Shop Smart: Savvy Software Shopping
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If you must have the latest and greatest version of a program, there are a couple of ways to get it at a reduced price. As we mentioned earlier in the article, the first is to go to school. Institutions of higher learning offer academic pricing on software, and the reductions can be significant. You can also search online auction sites such as eBay -- where current software titles are often up for bid -- and many of the sites listed in " Where to Shop Online."
Bundles If you don't already own a substantial library of applications, software bundles can be an economical way to establish one. For example, if you're getting started in the graphics business, Adobe's $1,299 Creative Suite -- which includes the latest versions of Photoshop, Illustrator, InDesign, GoLive, and Acrobat, as well as Version Cue -- is tempting. (For more on the Adobe package, see " Adobe Changes Everything," November 2003.) But if you already own most of these applications (or don't need many of them), you may find Adobe's upgrade price, $549 for the Standard Edition, a little steep. (You must own a previous version of Photoshop to qualify for the upgrade.)
Another example of value in numbers is the $199 Big 4 Graphics bundle, a suite of Photoshop plug-ins marketed by Alien Skin Software ( www.alienskin.com ). Aladdin Systems bundles popular OS X utilities such as Spamfire, Labels X, LaunchBar, and ExecutiveSync in its two $49 Ten for X packages ( www.aladdinsys.com ). And Symantec's $130 SystemWorks ( www.symantec.com ) costs less than half of what you'd pay for individual copies of the bundle's Norton Utilities, Norton AntiVirus, Retrospect Express Backup, and Spring Cleaning.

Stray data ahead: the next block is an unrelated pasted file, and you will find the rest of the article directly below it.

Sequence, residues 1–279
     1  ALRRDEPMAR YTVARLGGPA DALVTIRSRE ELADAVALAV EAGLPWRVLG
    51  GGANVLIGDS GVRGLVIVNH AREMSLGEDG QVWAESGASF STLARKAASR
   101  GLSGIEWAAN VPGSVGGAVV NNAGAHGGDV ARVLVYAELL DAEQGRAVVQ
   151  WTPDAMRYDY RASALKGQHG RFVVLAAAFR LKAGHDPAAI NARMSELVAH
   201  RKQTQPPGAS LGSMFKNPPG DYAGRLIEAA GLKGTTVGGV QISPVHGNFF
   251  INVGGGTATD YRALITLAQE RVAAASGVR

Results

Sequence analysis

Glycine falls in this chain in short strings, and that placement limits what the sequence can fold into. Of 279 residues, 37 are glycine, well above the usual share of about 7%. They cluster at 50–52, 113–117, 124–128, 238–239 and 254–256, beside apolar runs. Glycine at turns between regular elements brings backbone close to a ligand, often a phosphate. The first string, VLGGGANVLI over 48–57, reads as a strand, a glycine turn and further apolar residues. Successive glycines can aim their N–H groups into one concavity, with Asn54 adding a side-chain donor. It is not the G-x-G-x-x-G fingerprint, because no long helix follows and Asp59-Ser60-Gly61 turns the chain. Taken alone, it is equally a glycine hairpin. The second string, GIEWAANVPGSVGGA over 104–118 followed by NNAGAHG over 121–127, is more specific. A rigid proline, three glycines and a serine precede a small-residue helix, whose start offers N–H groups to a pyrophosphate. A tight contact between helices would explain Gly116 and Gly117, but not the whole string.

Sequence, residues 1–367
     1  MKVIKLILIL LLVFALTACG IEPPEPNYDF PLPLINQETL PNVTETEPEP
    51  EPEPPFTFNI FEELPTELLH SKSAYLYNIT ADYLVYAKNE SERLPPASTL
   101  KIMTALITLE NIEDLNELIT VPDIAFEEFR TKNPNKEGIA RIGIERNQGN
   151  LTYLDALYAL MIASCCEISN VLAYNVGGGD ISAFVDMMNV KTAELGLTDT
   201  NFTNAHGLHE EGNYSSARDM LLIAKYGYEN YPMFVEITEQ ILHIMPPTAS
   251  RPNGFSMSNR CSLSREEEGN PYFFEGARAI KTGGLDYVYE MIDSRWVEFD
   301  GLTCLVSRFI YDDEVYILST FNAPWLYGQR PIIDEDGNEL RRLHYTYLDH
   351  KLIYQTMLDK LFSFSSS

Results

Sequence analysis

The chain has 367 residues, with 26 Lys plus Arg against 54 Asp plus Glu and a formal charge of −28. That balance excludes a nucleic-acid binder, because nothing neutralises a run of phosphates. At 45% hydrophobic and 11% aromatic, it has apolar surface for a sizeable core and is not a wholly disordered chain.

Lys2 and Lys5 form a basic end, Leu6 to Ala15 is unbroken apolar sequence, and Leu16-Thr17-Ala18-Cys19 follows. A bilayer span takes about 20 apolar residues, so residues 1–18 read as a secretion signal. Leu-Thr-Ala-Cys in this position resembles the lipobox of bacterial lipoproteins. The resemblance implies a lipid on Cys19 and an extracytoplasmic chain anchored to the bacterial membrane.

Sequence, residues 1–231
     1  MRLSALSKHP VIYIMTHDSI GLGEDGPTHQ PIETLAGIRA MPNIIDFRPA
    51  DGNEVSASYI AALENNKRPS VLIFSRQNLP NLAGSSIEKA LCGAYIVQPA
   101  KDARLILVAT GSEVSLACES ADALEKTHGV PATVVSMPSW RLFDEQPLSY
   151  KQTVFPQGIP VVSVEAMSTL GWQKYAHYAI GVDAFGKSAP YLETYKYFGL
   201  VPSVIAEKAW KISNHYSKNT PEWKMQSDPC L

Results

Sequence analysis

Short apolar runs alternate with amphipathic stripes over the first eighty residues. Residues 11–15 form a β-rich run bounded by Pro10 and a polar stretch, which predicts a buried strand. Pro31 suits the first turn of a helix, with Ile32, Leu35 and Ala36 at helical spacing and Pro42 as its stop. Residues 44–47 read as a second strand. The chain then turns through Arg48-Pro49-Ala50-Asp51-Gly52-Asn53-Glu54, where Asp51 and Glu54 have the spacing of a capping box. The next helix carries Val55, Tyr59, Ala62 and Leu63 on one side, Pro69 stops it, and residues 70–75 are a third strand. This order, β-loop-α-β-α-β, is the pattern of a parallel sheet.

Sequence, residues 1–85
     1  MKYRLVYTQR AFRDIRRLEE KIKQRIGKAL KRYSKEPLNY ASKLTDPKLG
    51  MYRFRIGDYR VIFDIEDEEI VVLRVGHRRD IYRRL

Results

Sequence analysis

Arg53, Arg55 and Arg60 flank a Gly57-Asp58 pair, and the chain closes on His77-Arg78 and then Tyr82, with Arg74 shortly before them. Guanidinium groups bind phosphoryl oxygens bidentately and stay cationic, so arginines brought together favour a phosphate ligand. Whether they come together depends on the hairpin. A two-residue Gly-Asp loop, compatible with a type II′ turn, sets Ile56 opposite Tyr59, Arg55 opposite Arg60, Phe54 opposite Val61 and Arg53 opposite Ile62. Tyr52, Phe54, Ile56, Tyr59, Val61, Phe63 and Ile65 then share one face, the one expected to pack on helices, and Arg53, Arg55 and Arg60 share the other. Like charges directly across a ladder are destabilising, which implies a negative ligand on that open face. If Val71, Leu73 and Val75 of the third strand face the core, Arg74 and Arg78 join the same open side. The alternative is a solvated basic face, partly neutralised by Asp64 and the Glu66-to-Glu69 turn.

Don't Buy the Big Names You can save money by choosing software from smaller companies. Although Apple's $79 AppleWorks lacks the extensive feature set of Microsoft's $380 Office v. X Standard Edition ( www.microsoft.com ), it's a perfectly capable program for word processing, spreadsheets, and simple databases. Deneba's $400 Canvas 9 ( www.deneba.com ), Corel's $429 CorelDraw Graphics Suite 11 ( www.corel.com ), and Stone Design's $299 Stone Studio ( www.stone.com ) pack a host of graphics and page-layout functionality into low-cost packages. Apple's $99 presentation application, Keynote, is far less expensive than Microsoft's $229 PowerPoint. And if you want to create or open Microsoft Word and Excel documents, you have a host of inexpensive alternatives -- including Apple's TextEdit and AppleWorks; Mariner Software's $140 MarinerPak, which includes Mariner Write and Mariner Calc ( www.marinersoftware.com); and ThinkFree's $50 ThinkFree Office ( www.thinkfree.com ). -- cb
The Bottom Dollar
Shopping -- especially shopping for Mac stuff -- should be fun. Follow our advice on ways to get more for less, and the good times won't be diminished by financial concerns; plus, you'll be amazed at the returns on your minimal investment. Thinking different is good, but shopping smart -- that is a necessity.
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